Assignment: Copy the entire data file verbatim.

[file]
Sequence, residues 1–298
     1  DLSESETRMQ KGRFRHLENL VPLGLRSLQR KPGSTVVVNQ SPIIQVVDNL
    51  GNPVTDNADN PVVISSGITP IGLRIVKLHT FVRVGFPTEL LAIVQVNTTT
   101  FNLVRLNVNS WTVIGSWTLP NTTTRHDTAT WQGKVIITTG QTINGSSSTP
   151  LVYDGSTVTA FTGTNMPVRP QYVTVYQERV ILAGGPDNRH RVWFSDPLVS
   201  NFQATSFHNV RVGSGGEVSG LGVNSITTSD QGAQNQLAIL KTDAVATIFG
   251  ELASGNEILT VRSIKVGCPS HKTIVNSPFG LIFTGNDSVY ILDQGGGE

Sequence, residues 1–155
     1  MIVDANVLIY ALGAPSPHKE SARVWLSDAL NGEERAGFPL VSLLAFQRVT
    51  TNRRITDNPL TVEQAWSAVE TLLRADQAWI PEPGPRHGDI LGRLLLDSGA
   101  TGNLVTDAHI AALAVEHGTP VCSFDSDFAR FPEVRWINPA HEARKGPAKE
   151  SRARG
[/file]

Sequence, residues 1–298
     1  DLSESETRMQ KGRFRHLENL VPLGLRSLQR KPGSTVVVNQ SPIIQVVDNL
    51  GNPVTDNADN PVVISSGITP IGLRIVKLHT FVRVGFPTEL LAIVQVNTTT
   101  FNLVRLNVNS WTVIGSWTLP NTTTRHDTAT WQGKVIITTG QTINGSSSTP
   151  LVYDGSTVTA FTGTNMPVRP QYVTVYQERV ILAGGPDNRH RVWFSDPLVS
   201  NFQATSFHNV RVGSGGEVSG LGVNSITTSD QGAQNQLAIL KTDAVATIFG
   251  ELASGNEILT VRSIKVGCPS HKTIVNSPFG LIFTGNDSVY ILDQGGGE

Sequence, residues 1–155
     1  MIVDANVLIY ALGAPSPHKE SARVWLSDAL NGEERAGFPL VSLLAFQRVT
    51  TNRRITDNPL TVEQAWSAVE TLLRADQAWI PEPGPRHGDI LGRLLLDSGA
   101  TGNLVTDAHI AALAVEHGTP VCSFDSDFAR FPEVRWINPA HEARKGPAKE
   151  SRARG